It’s not simply enough to want to sell your products internationally; you should also be prepared for this new business venture. Here are some tips to help determine if you’re export ready.
Plan, Plan, Plan.
While most people don’t relish the idea of writing a 25-30 page business plan, if you are venturing into new markets, a well researched business plan will guide you through the process and save you a lot of headaches. If done right, your business plan should be able to tell you if there is a market for your product, how to best get into the market, how much it is going to cost you, and how much you should profit.
Be Prepared for Border Crossing Costs.
How much is it going to cost to get your product across borders? In addition to the regular cost of doing business, international trade can also include international freight costs, customs brokerage fees, export insurance, and agent’s fees or commissions. Some additional indirect costs include translations of labels, travel costs and currency conversion costs.
Remember, the Government is on Your Side.
The Department of Foreign Affairs and International Trade has nearly 150 Trade Commissioners posted in foreign cities (as well as 17 in Canada) to promote the export of Canadian goods. The Trade Commissioners can help with directories and manufacturer lists, assessing market potential, meetings with foreign buyers, and preparing products for entry into international markets. The Trade Commission’s Virtual Trade Commissioner website guides you through the process of researching your target country and sector, providing business leads, reports, business culture tips, contacts, and resources.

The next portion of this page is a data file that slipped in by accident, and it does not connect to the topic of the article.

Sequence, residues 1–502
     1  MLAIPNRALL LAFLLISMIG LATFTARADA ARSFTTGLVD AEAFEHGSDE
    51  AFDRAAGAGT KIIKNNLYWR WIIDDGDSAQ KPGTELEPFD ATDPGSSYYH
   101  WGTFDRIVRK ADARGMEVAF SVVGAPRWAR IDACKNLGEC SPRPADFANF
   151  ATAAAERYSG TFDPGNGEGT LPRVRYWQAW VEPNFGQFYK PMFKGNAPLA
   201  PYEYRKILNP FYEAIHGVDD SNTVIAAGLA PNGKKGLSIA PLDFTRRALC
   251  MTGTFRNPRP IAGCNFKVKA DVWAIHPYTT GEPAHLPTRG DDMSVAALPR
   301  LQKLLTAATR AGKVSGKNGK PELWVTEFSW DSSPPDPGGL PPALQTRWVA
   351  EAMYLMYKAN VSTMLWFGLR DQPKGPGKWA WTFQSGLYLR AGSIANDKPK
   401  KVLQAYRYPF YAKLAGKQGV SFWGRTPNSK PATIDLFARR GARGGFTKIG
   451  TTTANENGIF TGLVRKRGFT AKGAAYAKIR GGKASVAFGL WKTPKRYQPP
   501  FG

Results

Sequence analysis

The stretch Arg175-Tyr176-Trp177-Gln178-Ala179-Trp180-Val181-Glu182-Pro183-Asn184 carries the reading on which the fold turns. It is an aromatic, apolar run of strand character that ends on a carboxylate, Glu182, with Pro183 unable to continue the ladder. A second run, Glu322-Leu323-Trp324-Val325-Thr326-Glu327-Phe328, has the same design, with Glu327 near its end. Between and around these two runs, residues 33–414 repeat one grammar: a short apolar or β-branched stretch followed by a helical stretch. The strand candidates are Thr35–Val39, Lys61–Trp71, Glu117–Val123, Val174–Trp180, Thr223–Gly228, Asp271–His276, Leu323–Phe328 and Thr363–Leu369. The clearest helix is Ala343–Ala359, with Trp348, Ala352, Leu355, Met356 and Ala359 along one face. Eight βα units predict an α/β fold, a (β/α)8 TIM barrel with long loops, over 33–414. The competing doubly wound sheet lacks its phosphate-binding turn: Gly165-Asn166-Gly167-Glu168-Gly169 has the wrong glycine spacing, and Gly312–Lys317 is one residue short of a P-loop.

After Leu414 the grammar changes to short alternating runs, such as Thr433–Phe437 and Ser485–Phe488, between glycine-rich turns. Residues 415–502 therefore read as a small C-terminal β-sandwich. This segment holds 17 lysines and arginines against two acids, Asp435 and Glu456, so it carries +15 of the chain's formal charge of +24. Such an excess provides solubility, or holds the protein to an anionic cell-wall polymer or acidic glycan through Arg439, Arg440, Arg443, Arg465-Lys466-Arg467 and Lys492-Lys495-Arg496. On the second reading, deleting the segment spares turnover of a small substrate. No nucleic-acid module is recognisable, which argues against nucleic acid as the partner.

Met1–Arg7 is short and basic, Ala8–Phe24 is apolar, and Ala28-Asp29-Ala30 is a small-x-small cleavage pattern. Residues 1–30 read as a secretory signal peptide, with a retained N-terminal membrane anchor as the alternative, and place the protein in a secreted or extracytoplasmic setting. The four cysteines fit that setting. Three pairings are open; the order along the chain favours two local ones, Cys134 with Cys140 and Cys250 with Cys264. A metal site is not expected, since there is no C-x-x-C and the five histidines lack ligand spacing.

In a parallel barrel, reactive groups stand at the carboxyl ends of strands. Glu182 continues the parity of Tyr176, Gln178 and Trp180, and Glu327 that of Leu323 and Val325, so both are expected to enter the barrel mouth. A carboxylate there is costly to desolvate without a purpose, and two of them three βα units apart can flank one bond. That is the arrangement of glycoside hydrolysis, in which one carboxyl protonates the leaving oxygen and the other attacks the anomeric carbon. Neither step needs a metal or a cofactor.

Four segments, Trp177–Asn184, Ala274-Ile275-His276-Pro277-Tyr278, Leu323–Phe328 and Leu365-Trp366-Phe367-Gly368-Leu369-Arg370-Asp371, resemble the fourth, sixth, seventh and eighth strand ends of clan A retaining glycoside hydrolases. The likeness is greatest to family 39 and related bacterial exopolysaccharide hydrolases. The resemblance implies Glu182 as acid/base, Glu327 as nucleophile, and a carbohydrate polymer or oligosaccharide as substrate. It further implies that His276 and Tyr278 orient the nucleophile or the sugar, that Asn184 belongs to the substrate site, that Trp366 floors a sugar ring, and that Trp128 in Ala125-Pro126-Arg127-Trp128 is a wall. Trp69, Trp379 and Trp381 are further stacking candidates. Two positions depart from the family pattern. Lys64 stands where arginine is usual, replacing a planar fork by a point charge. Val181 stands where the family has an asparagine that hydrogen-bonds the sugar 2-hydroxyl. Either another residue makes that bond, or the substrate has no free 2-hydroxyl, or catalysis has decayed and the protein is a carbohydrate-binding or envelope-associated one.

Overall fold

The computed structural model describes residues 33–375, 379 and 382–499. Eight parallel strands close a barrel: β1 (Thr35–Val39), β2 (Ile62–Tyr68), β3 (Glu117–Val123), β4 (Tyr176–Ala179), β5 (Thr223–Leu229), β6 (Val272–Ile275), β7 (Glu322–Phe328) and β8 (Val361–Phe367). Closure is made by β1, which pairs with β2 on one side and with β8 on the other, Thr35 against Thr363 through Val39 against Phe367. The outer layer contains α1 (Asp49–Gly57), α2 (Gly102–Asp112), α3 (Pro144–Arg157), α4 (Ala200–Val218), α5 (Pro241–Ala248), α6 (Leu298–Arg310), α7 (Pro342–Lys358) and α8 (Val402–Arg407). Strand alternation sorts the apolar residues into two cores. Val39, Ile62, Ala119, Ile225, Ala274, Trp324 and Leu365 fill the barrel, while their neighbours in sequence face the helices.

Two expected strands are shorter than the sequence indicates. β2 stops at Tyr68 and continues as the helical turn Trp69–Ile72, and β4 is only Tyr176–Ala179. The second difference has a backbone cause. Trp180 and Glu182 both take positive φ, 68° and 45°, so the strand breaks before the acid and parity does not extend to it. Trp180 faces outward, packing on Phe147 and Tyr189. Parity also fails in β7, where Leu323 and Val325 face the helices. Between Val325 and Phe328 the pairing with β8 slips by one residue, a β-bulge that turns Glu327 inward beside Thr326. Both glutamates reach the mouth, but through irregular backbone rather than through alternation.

Make Sure You Get Paid.
The most common form of payment when doing international trade is Letters of Credit (LC’s). With an LC, you minimize your risk because the banks assure that the goods are delivered before the money is exchanged. If you are looking at ways of making sure that you get paid, talk to your bank about LC’s.
Get Good Shippers.
Because transportation is such a big component of international trade, you need to be able to rely on your shippers so that you can meet the demands of your clients to get your product to them when they need it.